I originally discovered this drain early last summer, by pure accident. I had just finished a long bike ride when I decided to take a quick peek in a small-looking tunnel that diverts a creek underneath a fairly quiet residential street (I know, these are usually nothing special at all, but I was simply curious). I wandered into the low, rectangular tunnel with my expectations fairly low. However, much to my surprise, there was something far more interesting waiting on the other side of the road.
Yep, this strange concrete structure featuring a 6' RCP leading into complete darkness! Jackpot. When I first explored this drain a year ago, I only spent about 10 minutes inside before turning around, seeing no end in sight. However, I recently got the chance to explore it with a friend. This trip confirmed the information that I had read online: after about a half-mile, the drain leads to a junction with a couple of other tunnels, photos of which I will post later (spoiler alert - one of the offshoots is only 5' high, so I didn't explore that one. The other, much larger one requires a thread of its own). Anyways, here are some photos of the expedition...
Looking in from the tunnel entrance. I thought the colorful skull artwork was pretty cool-looking.
Graffiti alley. In contrast to scribbly-looking tags, this kind of graffiti art can really improve the atmosphere of a drain, in my opinion. It helps bring a pop of color to an otherwise mundane concrete pipe.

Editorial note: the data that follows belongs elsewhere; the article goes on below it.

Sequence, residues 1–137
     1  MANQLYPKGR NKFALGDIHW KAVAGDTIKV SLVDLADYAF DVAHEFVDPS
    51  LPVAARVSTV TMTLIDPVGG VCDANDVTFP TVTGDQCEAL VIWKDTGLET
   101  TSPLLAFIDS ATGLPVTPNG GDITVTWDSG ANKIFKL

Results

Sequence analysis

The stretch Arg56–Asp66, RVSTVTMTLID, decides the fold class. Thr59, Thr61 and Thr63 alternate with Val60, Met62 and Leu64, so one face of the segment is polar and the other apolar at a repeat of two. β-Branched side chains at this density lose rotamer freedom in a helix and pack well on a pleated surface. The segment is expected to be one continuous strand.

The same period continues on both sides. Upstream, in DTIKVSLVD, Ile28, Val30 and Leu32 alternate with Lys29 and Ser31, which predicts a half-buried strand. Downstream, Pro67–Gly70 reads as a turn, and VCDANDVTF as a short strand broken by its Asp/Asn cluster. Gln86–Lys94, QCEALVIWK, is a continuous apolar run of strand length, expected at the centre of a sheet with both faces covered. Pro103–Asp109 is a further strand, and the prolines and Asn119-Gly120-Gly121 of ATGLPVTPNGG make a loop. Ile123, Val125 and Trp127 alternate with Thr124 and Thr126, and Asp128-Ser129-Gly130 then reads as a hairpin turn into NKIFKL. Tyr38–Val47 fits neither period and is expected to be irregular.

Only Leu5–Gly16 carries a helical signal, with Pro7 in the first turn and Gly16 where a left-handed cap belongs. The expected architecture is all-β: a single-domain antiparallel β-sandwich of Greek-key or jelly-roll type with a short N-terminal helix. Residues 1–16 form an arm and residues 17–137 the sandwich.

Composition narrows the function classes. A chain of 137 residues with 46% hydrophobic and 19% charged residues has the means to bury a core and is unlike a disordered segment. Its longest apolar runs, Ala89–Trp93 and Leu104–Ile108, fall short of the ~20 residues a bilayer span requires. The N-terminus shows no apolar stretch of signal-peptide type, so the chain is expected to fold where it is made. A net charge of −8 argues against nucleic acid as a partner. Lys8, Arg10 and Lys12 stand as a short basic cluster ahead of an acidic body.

Sorry for the weird-looking colors; I messed up a bit while editing this pic. This is a continuation of the art gallery shown in the second photo. A lot of the graffiti in these two photos seems to be of a similar style; I wonder if it was done by the same person? If so, someone must have spent a lot of time down here.
This is the first time I've personally seen a sharp turn like this in a drain. When approaching this turn from afar, the flat wall almost created the illusion of a complete dead-end. However, it was in fact just an odd bend in the tunnel. My friend can be seen toward the left side of the image; where the tunnel continues.
One of the few signs of life in the underworld. This little guy was isolated from about 5 or 6 of his friends who were all huddled beneath a nearby manhole. I didn't get a photo of them, unfortunately, as I didn't feel it was the wisest decision to use the bright flash just as they seemed to be waking up. They're probably not so used to bright lights down there.
A flooded part of the tunnel, coming back from the junction. I'm waiting to post my photos of the junction until later - I'll probably do so in the post related to the other, larger tunnel that enters the junction from a different direction.
I guess that's it for today. I have plenty of other drain explorations to share, so I'll probably be making similar posts in the future. Thanks for dropping by!